Wrongly Convicted Man’s Brother Gives Tongue-Lashing to Politician who Feels Enough has been Done to Help the Wrongly Convicted
May 29, 2013
“I’m sick of this state screwing people, screwing all of these gentlemen. I’m tired of it. I AM TIRED OF IT!” — Cory Session
In Texas, the wrongful conviction capital of America, the state legislature recently was witness to an extraordinary angry outburst for the wrongly accused, an outburst that is long overdue and that should reverberate from one end of America to the other.
Cory Session, the brother of Tim Cole who was posthumously exonerated of rape charges (read Tim Cole’s tragic story at the Innocence Project’s site), shouted — you read that correctly — shouted at state Sen. Joan Huffman, R-Southside Place, after she voiced opposition to a proposal to create a commission that would investigate wrongful convictions in Texas. The bill would establish a panel to study wrongful convictions and recommend improvements in the justice system. Mr. Sessions denounced Sen. Huffman’s attitude as deplorable and she should get a new job, then he stormed out while muttering an expletive.
Huffman was chairing the Senate Committee on Criminal Justice at the time, and she declared the bill as unnecessary. Unnecessary in a state that has found at least 117 prisoners innocent of crimes for which they were convicted in the past 25 years. Here are some of them. Huffman listed the various justice reforms that the Legislature has passed over the past 12 years, essentially saying enough is enough. As one newspaper account reported: “Huffman may have thought supporters of the bill would be impressed and mollified, but some of them obviously were insulted by her tactic.”
Four exonerees and Mr. Session walked to the witness table, and Mr. Session went first. His testimony:
SESSION: The eyes of Texas have been closed on criminal justice reform. My brother’s eyes are permanently closed – permanently. He’s six feet under. He ain’t ever coming out. And to hear the attitude that you have, to me is deplorable.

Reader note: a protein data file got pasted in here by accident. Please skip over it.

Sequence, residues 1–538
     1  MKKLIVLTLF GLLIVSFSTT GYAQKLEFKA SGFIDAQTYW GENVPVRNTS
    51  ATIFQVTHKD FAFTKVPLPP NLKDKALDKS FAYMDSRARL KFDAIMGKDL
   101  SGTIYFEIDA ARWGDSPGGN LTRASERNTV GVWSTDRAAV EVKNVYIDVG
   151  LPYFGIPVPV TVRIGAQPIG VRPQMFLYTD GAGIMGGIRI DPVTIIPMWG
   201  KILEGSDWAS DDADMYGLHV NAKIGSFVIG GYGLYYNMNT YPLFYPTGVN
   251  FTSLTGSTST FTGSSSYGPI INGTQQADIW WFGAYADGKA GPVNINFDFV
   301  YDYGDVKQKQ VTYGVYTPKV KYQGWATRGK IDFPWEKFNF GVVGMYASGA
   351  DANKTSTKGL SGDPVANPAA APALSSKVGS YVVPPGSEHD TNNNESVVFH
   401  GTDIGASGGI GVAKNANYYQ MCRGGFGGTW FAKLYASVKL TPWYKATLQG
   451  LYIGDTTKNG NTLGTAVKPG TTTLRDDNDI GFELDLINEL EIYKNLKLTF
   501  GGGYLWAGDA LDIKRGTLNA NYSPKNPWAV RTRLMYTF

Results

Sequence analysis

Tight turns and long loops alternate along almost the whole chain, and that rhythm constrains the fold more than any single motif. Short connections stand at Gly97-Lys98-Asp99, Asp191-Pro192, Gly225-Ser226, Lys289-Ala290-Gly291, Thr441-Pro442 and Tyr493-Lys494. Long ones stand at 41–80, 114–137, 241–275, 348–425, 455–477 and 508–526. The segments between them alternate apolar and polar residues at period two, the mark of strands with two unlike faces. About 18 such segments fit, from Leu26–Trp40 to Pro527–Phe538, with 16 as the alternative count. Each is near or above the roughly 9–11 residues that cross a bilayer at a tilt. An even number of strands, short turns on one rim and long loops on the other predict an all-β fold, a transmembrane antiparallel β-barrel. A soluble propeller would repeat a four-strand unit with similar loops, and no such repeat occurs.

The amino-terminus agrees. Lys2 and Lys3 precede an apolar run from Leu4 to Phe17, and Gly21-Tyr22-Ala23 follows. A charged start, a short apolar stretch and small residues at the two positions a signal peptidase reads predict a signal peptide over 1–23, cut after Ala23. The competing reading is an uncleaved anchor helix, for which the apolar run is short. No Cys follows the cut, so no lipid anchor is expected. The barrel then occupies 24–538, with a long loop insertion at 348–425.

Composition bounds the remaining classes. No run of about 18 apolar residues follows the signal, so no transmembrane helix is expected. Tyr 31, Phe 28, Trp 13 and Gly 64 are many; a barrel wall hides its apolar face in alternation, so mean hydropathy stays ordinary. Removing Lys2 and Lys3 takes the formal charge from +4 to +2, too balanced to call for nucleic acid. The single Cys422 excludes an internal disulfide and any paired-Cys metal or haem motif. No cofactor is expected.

Don’t box yourself in to refusing to invite change. I witnessed my mother nearly have a nervous breakdown when a closed-minded prosecutor, who had an attitude like yours …
HUFFMAN: Sir, let’s not get personal
SESSION: … put her son in jail. Let me finish, let me finish, stop — and let me finish.
HUFFMAN: Of course, sir
SESSION: This is not Harris County, and I heard you say Harris County is not in favor. Well, I can tell you the Tarrant County prosecutor is in favor, the Dallas County prosecutor is in favor, and so many other county prosecutors are in favor.
I am sickened. You might as well disband this committee. That’s your job to figure out what went wrong in this state. It’s your job. You don’t like it? Go find another. I’m sorry. I am just pissed off to hear that kind of attitude. It’s deplorable. It’s despicable. …
We’re trying to make it right for a lot of people, the incarcerated innocent, the nameless. They don’t have a voice. They need a voice. And you got the highest sitting judges in this state, Wallace Jefferson and Sharon Keller, saying “Yes, it’s time.” It’s time. Time is running out. You’ve got to do something. …
I’m sick of this state screwing people, screwing all of these gentlemen. I’m tired of it. I AM TIRED OF IT!
HUFFMAN: Yes, sir
SESSION: Keep your mind closed, if you will, but, damn it, you need another job. [Gets up and walks off]
HUFFMAN: Thank you, sir.
The next witness was Billy Smith of Dallas, who also gave Huffman a lecture, with volume.
“It’s been 27 years now, and I still don’t how and why I was convicted of a crime I did not commit,” he said. “I want an answer.”
The bill’s author in the state house, Rep. Ruth Jones McClendon, D-San Antonio, killed Huffman’s local bills for a couple days in a row. Nobody in the House came to Huffman’s aid.